Before ascending to the highest positions of ISIS and al-Qaeda, Abu Bakr al-Baghdadi, Osama bin Laden, and Ayman al-Zawahiri belonged to a common ideological precursor, the Muslim Brotherhood. The trajectories of these three extremist leaders highlight the significant ideological overlap between today’s most notorious violent Islamist groups—ISIS and al-Qaeda—and the worldwide Muslim Brotherhood movement.
As the progenitor of the modern Islamist movement, the Muslim Brotherhood (i.e. the Brotherhood) has had a profound influence on the belief system that fuels al-Qaeda and ISIS. These groups share ideological underpinnings based on the writings of the late Brotherhood ideologue Sayyid Qutb. The Brotherhood has also served as a bridge for young Islamists—including bin Laden, al-Baghdadi, and al-Zawahiri—to more violent jihadist groups. Although their execution strategies may differ, at their core, all three groups maintain a shared Islamist vision of establishing a global caliphate.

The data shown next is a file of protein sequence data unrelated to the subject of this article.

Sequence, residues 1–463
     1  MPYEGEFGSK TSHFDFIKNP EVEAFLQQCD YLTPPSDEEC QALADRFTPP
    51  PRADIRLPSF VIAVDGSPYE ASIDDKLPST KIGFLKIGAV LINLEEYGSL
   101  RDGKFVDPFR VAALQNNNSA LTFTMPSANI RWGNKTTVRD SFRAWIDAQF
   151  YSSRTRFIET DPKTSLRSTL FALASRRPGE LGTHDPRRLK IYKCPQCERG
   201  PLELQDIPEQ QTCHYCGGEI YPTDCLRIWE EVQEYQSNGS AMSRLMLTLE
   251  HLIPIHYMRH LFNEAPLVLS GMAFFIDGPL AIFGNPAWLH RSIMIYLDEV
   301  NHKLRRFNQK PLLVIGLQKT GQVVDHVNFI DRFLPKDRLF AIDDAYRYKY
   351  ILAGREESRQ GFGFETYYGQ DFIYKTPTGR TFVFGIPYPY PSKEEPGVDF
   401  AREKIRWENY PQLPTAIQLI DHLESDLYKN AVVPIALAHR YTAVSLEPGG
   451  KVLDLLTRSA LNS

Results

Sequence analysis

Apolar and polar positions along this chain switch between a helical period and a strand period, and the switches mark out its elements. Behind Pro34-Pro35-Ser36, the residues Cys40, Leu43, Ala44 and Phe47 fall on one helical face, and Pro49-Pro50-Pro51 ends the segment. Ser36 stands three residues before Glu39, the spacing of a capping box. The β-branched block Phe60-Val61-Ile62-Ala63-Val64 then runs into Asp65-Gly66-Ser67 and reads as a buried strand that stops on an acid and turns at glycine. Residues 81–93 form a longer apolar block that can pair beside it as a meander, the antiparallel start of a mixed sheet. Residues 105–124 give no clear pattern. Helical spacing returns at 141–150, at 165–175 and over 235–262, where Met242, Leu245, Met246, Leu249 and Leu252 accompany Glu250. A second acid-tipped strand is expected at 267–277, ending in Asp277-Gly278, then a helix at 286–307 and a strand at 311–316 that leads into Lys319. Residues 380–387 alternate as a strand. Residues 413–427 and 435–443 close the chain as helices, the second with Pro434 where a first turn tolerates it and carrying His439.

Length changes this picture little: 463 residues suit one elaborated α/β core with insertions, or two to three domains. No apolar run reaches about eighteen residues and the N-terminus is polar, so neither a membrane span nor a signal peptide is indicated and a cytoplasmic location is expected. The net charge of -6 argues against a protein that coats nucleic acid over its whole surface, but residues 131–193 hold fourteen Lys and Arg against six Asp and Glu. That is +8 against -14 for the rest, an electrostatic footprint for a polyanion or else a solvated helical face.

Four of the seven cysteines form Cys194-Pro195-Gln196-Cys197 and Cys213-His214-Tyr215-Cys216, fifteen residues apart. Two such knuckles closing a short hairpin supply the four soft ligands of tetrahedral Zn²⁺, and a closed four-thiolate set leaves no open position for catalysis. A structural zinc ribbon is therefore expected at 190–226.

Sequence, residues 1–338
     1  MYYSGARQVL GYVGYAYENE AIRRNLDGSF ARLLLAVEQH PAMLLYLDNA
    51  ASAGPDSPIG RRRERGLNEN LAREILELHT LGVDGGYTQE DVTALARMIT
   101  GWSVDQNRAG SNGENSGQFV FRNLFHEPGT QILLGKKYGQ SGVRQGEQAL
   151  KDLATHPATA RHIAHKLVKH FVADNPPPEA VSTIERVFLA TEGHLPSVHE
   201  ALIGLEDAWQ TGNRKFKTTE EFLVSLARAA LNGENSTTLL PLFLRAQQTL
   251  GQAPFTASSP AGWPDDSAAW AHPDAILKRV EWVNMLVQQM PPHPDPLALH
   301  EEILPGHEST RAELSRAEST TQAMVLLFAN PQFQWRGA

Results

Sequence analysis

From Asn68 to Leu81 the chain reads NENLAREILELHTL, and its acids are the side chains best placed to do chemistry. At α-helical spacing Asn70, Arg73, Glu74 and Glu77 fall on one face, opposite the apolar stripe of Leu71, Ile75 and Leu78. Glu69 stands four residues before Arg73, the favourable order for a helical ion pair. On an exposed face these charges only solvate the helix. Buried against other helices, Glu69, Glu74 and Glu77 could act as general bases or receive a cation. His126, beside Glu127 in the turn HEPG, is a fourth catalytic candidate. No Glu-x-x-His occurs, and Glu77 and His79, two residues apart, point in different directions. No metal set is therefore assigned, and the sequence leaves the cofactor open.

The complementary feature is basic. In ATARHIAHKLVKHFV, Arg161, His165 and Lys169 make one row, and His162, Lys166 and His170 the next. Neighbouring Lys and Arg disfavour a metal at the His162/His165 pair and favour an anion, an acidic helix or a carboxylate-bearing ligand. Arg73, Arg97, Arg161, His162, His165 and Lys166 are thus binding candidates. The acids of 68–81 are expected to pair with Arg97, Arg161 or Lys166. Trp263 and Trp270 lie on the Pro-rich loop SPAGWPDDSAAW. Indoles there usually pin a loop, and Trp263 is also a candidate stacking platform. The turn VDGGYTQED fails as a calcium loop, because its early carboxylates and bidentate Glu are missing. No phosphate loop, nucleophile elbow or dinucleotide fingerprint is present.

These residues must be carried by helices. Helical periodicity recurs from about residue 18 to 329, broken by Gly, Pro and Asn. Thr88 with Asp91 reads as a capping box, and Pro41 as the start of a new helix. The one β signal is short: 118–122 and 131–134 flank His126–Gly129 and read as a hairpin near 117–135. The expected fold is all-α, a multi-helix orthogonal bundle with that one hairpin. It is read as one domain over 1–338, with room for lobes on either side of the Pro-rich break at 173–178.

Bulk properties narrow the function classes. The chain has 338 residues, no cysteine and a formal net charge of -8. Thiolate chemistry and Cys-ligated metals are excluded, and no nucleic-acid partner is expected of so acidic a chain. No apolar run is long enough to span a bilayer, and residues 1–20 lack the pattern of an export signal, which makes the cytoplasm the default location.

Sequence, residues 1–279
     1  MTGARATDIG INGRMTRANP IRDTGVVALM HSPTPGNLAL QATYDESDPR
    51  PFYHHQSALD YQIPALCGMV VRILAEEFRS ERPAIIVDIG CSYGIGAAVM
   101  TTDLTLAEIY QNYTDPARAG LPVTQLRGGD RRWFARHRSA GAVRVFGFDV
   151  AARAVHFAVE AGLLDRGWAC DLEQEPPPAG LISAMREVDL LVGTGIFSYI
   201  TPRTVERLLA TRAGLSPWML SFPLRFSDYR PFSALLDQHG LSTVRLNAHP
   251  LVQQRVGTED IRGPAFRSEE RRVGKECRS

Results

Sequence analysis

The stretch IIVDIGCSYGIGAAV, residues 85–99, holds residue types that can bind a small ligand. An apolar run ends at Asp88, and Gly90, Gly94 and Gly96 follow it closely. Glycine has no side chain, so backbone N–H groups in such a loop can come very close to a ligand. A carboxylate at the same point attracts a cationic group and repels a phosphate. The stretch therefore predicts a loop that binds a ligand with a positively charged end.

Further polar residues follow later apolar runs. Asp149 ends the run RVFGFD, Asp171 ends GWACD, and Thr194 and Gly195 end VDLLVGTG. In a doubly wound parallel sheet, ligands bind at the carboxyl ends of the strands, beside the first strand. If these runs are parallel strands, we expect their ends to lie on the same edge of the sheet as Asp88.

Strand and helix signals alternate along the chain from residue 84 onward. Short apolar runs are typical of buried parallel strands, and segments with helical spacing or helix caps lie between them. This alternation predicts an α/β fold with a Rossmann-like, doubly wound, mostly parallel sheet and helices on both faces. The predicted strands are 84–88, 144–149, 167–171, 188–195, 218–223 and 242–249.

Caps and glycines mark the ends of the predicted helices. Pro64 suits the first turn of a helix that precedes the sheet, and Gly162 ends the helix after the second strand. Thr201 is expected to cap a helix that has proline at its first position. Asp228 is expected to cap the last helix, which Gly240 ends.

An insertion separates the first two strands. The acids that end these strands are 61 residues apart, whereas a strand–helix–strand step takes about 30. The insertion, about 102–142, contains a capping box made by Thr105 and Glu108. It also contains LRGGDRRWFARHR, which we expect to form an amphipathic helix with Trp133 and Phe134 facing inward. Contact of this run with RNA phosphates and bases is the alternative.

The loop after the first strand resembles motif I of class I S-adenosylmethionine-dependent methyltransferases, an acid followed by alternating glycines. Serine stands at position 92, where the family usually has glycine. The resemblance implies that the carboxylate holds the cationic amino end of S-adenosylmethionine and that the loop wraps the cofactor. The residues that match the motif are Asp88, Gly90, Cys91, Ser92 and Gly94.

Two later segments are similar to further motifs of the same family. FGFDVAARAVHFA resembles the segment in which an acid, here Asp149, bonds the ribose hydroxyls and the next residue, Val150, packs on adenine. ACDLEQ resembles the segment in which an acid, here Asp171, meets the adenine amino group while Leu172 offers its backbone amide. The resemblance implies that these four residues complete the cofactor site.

The Brotherhood maintains no formal ties with ISIS and al-Qaeda, and on the surface the three groups may appear dissimilar, as al-Qaeda and ISIS both advocate violent jihadism, while the Brotherhood officially seeks to transform societies from within. “The Murtadd [apostate] Brotherhood,” the March 2016 cover story in ISIS’s Dabiqmagazine denouncing the Brotherhood’s supposed apostasy, is an example of ISIS’s public disapproval of the Brotherhood.
Despite periodic public denouncements, the Counter Extremism Project (CEP) has found that the three groups share more than deep ideological underpinnings, and their similarities far outweigh their differences.